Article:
Opinion and Editorial

KT edit: Booster shots a vital next step in Covid battle

Filed on May 18, 2021

The higher immunity offered by the mRNA vaccines has been yet another reason why Sinopharm has received the short shrift.

It’s been a year since the pandemic, and yet mass inoculation remains a challenge for most countries. While faulty planning, mixed messaging and erratic implementation have proved to be major hindrances, the war over the vaccine acquisition in Europe has led to chaos and disruption at a time when the vision should have been aligned.

The UAE, on the other hand, has led by example. It started its vaccination campaign last year when the virus was raging, and was one of the first countries to offer the Chinese-manufactured Sinopharm jab, amid an environment of scepticism regarding the vaccine. Today, as more than 60 per cent of the population has been vaccinated, the inoculation drive conducted here has become one of the fastest per capita in the world.

The UAE has not only conducted clinical trials of Sinopharm on its soil but is also committed to manufacturing it right here. Now, the UAE has announced that it will offer a third booster to those who already received the jabs six months ago, making it one of the first countries to introduce booster shots. The introduction of Covid-19 vaccines has paved the way for vaccine supremacy. While Europe battled over acquisition of a percentage of doses of AstraZeneca and Pfizer vaccines, Sinopharm’s approval for emergency use by the World Health Organisation means that it can be made accessible to poorer countries through the UN’s Covax platform. The higher immunity offered by the mRNA vaccines has been yet another reason why Sinopharm has received the short shrift.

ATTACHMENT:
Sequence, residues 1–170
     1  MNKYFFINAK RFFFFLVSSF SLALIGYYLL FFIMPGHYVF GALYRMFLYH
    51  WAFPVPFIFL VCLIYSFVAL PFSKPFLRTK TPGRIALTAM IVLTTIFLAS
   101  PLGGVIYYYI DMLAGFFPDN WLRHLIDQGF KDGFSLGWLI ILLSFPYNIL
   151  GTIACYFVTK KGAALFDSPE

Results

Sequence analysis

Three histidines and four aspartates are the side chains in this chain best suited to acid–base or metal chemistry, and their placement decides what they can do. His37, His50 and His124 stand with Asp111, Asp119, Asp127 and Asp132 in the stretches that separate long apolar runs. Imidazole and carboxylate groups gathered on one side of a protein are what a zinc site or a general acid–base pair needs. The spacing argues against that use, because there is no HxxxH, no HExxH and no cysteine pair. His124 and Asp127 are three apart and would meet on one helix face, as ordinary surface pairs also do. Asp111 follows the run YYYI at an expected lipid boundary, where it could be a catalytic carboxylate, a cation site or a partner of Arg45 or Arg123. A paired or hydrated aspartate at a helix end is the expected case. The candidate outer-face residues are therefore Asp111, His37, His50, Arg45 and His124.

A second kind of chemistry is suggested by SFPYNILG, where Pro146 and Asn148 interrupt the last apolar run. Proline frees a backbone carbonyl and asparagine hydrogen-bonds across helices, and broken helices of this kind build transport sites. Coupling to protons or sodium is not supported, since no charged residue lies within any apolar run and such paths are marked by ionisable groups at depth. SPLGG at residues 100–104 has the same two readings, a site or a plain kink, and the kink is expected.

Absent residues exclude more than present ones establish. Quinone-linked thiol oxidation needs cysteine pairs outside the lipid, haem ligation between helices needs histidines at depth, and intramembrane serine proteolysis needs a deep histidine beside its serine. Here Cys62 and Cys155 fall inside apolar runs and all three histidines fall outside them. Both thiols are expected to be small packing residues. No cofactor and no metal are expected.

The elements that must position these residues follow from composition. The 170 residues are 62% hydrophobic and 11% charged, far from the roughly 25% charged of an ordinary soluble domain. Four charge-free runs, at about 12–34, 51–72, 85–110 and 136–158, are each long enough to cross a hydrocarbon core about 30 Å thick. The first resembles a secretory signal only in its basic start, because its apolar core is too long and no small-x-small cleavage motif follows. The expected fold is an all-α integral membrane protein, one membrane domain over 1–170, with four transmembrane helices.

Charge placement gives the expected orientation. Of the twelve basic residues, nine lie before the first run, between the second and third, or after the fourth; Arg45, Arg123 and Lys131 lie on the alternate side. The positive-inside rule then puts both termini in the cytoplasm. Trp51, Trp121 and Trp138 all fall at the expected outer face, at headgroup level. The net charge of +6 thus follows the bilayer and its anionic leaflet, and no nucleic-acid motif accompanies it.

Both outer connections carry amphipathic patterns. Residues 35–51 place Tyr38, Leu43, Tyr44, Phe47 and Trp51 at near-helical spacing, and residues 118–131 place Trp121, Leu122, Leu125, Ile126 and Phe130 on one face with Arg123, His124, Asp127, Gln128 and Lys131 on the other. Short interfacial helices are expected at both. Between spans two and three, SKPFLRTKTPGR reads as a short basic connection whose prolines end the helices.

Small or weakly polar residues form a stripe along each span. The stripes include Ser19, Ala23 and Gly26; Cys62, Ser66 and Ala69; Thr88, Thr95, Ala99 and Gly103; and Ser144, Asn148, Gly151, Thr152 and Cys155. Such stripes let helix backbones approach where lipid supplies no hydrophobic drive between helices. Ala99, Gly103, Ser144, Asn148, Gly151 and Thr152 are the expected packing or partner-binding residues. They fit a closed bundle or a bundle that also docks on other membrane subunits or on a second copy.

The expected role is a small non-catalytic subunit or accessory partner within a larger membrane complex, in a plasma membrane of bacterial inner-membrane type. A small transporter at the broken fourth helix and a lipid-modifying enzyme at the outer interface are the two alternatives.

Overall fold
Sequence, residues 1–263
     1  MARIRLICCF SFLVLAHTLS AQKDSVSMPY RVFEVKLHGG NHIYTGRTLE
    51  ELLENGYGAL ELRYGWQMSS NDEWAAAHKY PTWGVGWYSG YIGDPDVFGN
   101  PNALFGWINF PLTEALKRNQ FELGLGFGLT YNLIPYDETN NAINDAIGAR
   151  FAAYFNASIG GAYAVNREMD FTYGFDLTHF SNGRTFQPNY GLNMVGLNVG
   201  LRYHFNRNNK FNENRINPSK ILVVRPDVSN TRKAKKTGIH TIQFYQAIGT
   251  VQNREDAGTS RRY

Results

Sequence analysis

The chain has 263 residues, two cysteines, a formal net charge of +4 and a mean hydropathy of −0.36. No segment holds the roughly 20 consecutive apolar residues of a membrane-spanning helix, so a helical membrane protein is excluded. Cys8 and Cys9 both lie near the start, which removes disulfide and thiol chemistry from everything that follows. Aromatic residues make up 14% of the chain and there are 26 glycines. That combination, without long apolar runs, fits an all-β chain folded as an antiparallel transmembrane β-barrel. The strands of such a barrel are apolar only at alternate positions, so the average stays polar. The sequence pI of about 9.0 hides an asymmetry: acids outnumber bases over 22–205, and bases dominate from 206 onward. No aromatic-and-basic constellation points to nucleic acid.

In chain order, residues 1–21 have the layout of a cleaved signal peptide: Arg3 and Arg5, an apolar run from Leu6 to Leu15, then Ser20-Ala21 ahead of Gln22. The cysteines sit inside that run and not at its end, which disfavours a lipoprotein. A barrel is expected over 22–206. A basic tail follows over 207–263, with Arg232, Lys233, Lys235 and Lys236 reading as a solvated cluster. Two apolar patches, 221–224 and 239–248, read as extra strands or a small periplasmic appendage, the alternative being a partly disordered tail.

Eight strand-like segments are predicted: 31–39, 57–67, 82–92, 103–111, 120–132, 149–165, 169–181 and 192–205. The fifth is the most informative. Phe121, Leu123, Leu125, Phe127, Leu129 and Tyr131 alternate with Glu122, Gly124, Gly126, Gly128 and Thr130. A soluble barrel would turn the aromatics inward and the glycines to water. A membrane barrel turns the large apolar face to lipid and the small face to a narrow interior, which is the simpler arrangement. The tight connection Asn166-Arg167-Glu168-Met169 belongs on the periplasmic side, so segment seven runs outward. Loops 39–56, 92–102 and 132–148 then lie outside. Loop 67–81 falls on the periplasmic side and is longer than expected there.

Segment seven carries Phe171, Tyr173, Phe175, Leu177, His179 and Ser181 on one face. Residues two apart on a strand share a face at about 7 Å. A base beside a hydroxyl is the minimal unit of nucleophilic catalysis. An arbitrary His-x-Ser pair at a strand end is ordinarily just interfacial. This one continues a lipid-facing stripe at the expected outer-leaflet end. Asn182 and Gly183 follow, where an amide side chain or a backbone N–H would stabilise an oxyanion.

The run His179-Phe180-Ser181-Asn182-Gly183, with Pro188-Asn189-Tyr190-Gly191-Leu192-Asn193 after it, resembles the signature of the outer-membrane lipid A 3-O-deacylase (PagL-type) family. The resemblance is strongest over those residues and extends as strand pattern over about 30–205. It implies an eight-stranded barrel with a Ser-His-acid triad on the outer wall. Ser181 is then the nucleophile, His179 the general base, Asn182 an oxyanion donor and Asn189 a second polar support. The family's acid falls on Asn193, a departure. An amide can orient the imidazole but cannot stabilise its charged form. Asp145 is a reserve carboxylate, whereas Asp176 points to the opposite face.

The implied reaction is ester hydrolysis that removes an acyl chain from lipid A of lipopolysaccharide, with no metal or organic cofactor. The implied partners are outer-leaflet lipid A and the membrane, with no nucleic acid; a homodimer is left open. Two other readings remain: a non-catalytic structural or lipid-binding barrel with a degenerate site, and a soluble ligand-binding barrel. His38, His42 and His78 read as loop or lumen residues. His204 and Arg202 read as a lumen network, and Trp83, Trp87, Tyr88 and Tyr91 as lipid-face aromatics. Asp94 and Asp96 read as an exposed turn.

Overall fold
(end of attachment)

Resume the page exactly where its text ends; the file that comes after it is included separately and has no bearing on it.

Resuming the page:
Today, with a considerable population in the UAE already being vaccinated against Covid-19, there has been a steep fall in the number of infections. The live events and travel — sectors that were badly hit last year — have received a lease of life. The inoculation has also made it possible for the country to not impose a second lockdown that could halt either its social or economic plans — something that many other countries have had to do in order to even the curve.

Sinopharm has been an important part of that project. With a modest efficacy rate of 86 per cent, it remains an important player in the vaccine race, and its low maintenance makes the logistical challenges seem feasible. In its dealing of the crisis that the pandemic has presented, the UAE has set an example by being astute about public health, while immediately tackling other concerns. The announcement only cements the fact that when it comes to the health and safety of its citizens, the UAE will not hesitate to take immediate tests.

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